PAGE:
Well, what a waste of time the supposedly ‘biggest game of the weekend’ turned out to be this Saturday. All those who made sure they were in place to witness the latest Chelsea vs. Arsenal offering simply could have spent their time watching an amateur match at their local park instead, for there would have been more of a worthwhile game taking place there than at Stamford Bridge it seems.
As Chelsea fans left their stadium happy with the three points firmly in the bag, Gunners supporters went home with nothing but frustration and a few choice words for referee, Mike Dean. Once again however, the entire outcome of the match was solely dictated by the ill-fated officials, who seemingly didn’t want to be left out of the spot-light in the company of such a vast amount of talent on the pitch.
Nevertheless, although many will naively label the Blues striker as ‘clever’ for his ability to wind-up the opposition in a truly unsportsmanlike manner, Diego Costa proved the most significant player out on the field last Saturday. Via absolutely no footballing merit whatsoever, the former Atletico Madrid front-man succeeded in his shameful attempts to get Arsenal’s Gabriel Paulista sent-off – giving Chelsea free reign to dominate once the Gunners had been pegged-back to ten men.
So then, whilst the vast majority of Mourinho’s players actually behaved rather sensibly in comparison to their fiery centre-forward, is there actually any point in watching Chelsea from a neutral perspective in the modern era nowadays?
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Surely the answer must be no by now. Although Jose Mourinho seamlessly draws credit from all quarters of the footballing community for his ability to grind out results in any way, shape or form – how many times will the rest of the Premier League be robbed of watching great matches involving his side?
It may seem pointless to hark back to a time when things were a great deal better off for everyone involved, but when the title chasing likes of Arsenal and Manchester United once came up to face one another, the results would nine times out of ten be truly enthralling for all football fans alike. It would be the Gunners vs. the Red Devils, Arsene Wenger vs. Sir Alex Ferguson, Patrick Vieira vs. Roy Keane – a battle between two sets of men who clearly held the concept of entertainment close to heart. Yes, there would be fights among the players – but would an exciting match of football be sacrificed in the process? Of course not.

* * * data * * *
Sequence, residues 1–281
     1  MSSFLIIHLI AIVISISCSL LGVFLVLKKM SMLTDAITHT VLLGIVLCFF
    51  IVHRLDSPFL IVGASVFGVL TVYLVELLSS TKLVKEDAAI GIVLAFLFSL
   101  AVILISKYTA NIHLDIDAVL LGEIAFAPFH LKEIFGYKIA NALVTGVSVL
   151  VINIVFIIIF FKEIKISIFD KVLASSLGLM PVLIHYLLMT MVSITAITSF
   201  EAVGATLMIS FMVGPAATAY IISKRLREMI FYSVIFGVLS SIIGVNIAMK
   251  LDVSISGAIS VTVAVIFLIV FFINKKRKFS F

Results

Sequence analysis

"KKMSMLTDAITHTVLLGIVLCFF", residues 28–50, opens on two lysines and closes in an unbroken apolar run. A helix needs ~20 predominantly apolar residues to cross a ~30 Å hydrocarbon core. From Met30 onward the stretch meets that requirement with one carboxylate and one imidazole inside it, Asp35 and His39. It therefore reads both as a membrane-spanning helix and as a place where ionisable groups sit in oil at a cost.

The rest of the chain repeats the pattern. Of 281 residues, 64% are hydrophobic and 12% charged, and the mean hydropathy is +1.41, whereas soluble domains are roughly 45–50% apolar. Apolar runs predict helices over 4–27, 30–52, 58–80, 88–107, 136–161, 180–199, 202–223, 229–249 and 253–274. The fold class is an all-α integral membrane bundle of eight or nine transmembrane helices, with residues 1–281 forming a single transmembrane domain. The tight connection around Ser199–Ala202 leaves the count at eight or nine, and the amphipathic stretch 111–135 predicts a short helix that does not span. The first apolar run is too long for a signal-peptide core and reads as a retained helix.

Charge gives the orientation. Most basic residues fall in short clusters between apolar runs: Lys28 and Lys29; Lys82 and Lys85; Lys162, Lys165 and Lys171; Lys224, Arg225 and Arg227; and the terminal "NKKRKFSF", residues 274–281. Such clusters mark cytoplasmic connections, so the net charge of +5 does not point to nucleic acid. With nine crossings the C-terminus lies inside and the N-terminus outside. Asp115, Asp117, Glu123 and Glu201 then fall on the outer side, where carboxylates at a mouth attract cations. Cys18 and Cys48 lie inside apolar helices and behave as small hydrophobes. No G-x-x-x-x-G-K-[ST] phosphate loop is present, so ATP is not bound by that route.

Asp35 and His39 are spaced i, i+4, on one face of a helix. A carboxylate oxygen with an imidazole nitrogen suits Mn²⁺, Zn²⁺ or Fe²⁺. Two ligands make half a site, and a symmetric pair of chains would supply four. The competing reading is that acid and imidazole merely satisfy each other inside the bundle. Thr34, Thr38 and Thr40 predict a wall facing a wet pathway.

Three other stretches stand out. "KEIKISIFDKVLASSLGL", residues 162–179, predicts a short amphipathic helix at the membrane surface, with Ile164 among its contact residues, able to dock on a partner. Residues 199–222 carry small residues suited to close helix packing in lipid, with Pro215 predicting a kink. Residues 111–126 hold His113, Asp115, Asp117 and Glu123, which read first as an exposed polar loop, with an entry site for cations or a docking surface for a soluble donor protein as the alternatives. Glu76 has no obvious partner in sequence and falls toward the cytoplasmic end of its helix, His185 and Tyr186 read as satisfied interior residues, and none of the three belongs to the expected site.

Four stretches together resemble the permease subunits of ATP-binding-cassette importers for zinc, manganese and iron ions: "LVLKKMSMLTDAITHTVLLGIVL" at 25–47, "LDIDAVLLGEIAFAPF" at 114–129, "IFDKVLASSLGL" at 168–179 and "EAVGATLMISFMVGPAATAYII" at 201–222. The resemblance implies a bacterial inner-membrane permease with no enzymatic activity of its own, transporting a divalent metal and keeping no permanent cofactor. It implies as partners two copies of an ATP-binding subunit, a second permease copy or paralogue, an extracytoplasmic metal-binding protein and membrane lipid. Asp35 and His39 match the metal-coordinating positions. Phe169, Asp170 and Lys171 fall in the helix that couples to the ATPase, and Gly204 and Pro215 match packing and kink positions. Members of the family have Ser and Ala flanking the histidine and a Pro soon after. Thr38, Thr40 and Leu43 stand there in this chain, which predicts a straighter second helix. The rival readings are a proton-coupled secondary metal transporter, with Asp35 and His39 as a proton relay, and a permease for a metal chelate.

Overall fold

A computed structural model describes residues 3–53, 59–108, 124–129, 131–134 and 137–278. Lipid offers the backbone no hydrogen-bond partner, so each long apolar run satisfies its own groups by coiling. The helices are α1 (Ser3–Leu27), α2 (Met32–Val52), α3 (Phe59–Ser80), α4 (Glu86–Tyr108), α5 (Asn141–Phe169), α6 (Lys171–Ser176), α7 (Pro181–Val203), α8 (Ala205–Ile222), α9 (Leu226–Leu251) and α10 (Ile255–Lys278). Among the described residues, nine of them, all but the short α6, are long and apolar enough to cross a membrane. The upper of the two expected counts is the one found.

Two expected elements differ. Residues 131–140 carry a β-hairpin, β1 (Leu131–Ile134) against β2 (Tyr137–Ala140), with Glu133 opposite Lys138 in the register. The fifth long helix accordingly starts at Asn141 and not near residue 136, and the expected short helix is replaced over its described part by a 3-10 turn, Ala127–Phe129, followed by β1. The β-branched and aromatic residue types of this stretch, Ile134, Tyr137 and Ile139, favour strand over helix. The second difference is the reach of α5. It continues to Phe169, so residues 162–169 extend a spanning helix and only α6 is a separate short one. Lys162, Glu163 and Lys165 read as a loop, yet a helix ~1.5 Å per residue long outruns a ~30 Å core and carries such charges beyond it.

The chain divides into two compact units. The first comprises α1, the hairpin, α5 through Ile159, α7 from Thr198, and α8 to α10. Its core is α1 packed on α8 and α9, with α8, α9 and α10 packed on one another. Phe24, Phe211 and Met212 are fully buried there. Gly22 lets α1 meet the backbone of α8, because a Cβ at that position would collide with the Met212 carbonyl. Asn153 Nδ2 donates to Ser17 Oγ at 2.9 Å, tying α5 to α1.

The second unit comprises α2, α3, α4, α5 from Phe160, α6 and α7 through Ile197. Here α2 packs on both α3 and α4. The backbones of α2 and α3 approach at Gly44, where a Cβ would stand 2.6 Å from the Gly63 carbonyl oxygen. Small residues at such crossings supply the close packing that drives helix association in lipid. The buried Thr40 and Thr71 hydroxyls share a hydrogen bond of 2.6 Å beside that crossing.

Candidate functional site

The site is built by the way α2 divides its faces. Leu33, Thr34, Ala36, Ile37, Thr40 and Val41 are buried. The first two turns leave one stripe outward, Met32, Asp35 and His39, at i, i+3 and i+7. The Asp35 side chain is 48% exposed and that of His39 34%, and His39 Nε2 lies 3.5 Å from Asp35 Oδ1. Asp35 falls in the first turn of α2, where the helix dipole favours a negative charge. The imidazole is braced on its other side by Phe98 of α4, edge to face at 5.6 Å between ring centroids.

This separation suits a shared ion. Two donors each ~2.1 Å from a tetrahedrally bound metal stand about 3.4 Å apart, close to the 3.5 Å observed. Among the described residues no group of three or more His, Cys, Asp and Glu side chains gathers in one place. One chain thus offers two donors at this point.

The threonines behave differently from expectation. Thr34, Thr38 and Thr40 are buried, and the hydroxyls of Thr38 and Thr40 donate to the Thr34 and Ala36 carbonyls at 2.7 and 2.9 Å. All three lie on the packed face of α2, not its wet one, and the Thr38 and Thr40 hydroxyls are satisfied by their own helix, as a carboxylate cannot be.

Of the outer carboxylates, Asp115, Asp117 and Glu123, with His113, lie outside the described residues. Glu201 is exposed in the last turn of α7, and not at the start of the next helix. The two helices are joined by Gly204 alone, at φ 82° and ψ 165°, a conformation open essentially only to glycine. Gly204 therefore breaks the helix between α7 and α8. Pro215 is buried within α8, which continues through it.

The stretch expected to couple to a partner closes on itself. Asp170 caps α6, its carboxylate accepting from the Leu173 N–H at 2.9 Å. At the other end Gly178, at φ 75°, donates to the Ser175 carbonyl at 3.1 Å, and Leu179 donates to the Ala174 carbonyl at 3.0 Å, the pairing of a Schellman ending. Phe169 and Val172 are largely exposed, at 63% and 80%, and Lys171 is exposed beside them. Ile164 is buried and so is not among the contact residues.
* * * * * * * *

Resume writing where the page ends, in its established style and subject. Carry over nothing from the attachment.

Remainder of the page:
Nowadays however, since Chelsea’s financially backed route to the top of the English top-flight, big Premier League matches invariably turn out to be largely boring affairs where Jose Mourinho sticks eleven of his expensively assembled starting XI well and truly behind the ball, with the likes of Diego Costa sent out purely to antagonize the opposition and draw an unfair advantage for his side. Sorry, but such an approach is much closer to pathetic than special.
On the subject of Diego Costa personally, how the Brazilian-born Spaniard actually managed to stay out on the pitch himself remains anyone’s guess. In the past, a player of Andy Carroll’s reputation has been sent-off for elbowing Swansea City’s Chico Flores in the pony-tail – yet because this is Chelsea and Jose Mourinho we are talking about – Diego Costa is somehow allowed to stay on the field despite pushing Laurent Koscielny in the face twice, clearly winding up Gabriel Paulista off the ball when the ref had supposedly ‘calmed’ the situation, and subsequently going on the dive all over the pitch in an attempt to further con Mike Dean once again.
How childish is top-flight football going to become before we collectively start to realise? If for a brief moment the Chelsea vs. Arsenal match just became too much of a ridiculously pointless event to be involved in for many of this weekend’s viewers, the Rugby World Cup would have nonetheless provided English sports fans with an experience of dignified professionals going about their business – with a distinct respect for their opponents, as well as the officials themselves.
Players like Diego Costa simply act as nothing more than a stubborn stain on the rest of the Premier League. After all, no honest football fan wants to see someone sent-off when they clearly didn’t deserve it, players rolling around on the floor like little kids brandishing virtual yellow card signs to the referee, and a manager who claims his side were entirely free of controversy after it’s all said and done…
…yet as that is exactly how Jose Mourinho and Chelsea operate in the modern era, there really is no point watching the Blues any longer from a neutral perspective. Their games only serve to disappoint in the end.